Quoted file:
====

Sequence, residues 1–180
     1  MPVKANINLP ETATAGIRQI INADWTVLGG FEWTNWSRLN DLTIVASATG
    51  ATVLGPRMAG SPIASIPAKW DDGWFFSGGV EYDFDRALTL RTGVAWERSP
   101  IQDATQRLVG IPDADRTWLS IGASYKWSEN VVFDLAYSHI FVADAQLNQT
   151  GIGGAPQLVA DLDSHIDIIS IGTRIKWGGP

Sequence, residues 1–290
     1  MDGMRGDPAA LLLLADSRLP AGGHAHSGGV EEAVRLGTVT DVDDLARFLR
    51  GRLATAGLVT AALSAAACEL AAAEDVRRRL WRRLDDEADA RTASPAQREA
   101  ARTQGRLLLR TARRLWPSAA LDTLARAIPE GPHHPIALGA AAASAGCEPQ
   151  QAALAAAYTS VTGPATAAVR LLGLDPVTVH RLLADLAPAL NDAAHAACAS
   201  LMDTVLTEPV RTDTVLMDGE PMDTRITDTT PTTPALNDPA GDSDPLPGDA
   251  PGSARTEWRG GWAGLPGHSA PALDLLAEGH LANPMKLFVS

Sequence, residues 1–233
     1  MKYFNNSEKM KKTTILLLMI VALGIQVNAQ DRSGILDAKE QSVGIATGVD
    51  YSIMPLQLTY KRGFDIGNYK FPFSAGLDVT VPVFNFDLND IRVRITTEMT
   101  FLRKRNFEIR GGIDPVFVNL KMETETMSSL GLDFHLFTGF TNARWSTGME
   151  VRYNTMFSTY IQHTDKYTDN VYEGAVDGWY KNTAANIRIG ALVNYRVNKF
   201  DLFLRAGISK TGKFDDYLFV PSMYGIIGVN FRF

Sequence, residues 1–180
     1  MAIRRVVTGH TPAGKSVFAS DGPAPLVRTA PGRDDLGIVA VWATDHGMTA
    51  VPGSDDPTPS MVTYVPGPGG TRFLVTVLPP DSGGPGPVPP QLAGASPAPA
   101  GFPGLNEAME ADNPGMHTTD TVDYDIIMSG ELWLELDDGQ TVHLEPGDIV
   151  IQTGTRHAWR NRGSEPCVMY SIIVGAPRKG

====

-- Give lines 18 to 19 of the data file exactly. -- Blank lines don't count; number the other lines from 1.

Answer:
   201  DLFLRAGISK TGKFDDYLFV PSMYGIIGVN FRF

Sequence, residues 1–180